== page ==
Arizona gas prices rise after the oil prices advance to highest prices in seven years
- Arizona gas prices are almost a dollar higher than they were a year ago
- The cheapest station in Phoenix is $2.99/g, the highest is $3.89/g
- The lowest price in Arizona is $2.75/g, the highest is $4.49/g
- Oil prices have advanced to their highest in seven years
- Read more...
(October 11, 2021) - Phoenix gas prices have risen 8.4 cents per gallon in the past week, averaging $3.30/g today, according to GasBuddy's daily survey of 1,094 stations in Phoenix. Gas prices in Phoenix are 16.1 cents per gallon higher than a month ago and stand 97.6 cents per gallon higher than a year ago.
According to GasBuddy price reports, the cheapest station in Phoenix is priced at $2.99/g today while the most expensive is $3.89/g, a difference of 90.0 cents per gallon. The lowest price in the state today is $2.75/g while the highest is $4.49/g, a difference of $1.74/g.
The national average price of gasoline has risen 5.2 cents per gallon in the last week, averaging $3.25/g today. The national average is up 7.5 cents per gallon from a month ago and stands $1.08/g higher than a year ago.
Historical gasoline prices in Phoenix and the national average going back ten years:
October 11, 2020: $2.32/g (U.S. Average: $2.16/g)
October 11, 2019: $2.99/g (U.S. Average: $2.64/g)
October 11, 2018: $2.92/g (U.S. Average: $2.90/g)
October 11, 2017: $2.34/g (U.S. Average: $2.47/g)
October 11, 2016: $2.12/g (U.S. Average: $2.25/g)
October 11, 2015: $2.20/g (U.S. Average: $2.31/g)
October 11, 2014: $3.14/g (U.S. Average: $3.21/g)
October 11, 2013: $3.21/g (U.S. Average: $3.33/g)
October 11, 2012: $3.71/g (U.S. Average: $3.81/g)
October 11, 2011: $3.29/g (U.S. Average: $3.39/g)
Neighboring areas and their current gas prices:
Arizona- $3.27/g, up 5.9 cents per gallon from last week's $3.21/g.
Las Vegas- $3.82/g, down 2.3 cents per gallon from last week's $3.84/g.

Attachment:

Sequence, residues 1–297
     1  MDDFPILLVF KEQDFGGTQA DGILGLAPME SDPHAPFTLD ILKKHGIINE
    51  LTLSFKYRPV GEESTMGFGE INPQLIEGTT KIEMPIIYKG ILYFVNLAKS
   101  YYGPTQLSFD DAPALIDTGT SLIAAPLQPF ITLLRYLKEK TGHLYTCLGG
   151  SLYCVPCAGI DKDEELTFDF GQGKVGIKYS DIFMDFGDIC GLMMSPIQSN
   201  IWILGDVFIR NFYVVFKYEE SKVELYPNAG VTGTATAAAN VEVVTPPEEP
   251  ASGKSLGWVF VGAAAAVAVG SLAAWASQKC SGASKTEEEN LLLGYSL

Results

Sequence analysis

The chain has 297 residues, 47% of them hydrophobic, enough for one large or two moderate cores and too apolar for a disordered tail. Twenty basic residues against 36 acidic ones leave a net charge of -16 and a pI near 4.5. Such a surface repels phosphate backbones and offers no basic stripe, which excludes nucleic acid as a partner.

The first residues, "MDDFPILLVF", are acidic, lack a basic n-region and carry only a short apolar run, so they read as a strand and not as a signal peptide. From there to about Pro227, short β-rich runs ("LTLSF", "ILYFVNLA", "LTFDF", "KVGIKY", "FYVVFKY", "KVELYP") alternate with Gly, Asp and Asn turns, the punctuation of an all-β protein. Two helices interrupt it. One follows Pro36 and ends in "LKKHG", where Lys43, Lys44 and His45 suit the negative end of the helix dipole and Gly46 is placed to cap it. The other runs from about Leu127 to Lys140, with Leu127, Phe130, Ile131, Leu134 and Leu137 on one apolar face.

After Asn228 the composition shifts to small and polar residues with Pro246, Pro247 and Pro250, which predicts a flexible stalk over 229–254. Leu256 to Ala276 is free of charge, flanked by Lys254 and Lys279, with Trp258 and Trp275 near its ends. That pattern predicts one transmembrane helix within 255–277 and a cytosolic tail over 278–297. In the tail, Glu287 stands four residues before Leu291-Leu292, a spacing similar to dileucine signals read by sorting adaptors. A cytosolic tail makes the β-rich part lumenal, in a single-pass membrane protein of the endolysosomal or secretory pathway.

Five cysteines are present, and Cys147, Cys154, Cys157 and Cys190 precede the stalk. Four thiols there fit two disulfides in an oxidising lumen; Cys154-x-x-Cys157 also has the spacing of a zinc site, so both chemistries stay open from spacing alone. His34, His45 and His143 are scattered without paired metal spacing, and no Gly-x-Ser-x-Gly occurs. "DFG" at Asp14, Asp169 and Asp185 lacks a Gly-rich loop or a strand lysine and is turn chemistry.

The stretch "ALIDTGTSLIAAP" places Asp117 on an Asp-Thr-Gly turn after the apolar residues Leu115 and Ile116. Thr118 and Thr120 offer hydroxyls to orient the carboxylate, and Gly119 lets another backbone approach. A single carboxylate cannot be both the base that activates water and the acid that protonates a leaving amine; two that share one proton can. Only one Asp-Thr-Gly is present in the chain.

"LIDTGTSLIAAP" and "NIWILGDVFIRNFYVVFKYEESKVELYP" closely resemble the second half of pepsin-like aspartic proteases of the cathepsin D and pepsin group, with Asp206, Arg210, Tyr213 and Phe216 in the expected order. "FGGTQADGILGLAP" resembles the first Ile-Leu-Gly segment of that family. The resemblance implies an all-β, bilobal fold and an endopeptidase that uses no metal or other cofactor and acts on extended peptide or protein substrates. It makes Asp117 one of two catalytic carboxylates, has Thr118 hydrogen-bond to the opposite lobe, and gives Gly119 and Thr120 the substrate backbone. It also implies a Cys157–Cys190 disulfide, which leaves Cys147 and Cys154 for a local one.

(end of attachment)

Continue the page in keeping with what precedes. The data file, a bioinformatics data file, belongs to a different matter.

Tucson- $3.11/g, up 2.2 cents per gallon from last week's $3.09/g.
"Last week saw oil prices advance to their highest in seven years, with a barrel of West Texas Intermediate crude oil surpassing the critical $80 per barrel level. The nation's gas prices were also pushed to their highest since 2014, all on OPEC's decision not to raise production more than it already agreed to in July," said Patrick De Haan, head of petroleum analysis for GasBuddy. "The OPEC decision caused an immediate reaction in oil prices, and amidst what is turning into a global energy crunch, motorists are now spending over $400 million more on gasoline every single day than they were just a year ago. The problems continue to relate to a surge in demand as the global economy recovers, combined with deep cuts to production from early in the pandemic. If Americans can’t slow their appetite for fuels, we've got no place for prices to go but up."
GasBuddy is the authoritative voice for gas prices and the only source for station-level data spanning nearly two decades. Unlike AAA's once daily survey covering credit card transactions at 100,000 stations and the Lundberg Survey, updated once every two weeks based on 7,000 gas stations, GasBuddy's survey updates 288 times every day from the most diverse list of sources covering nearly 150,000 stations nationwide, the most comprehensive and up-to-date in the country. GasBuddy data is accessible at http://FuelInsights.GasBuddy.com.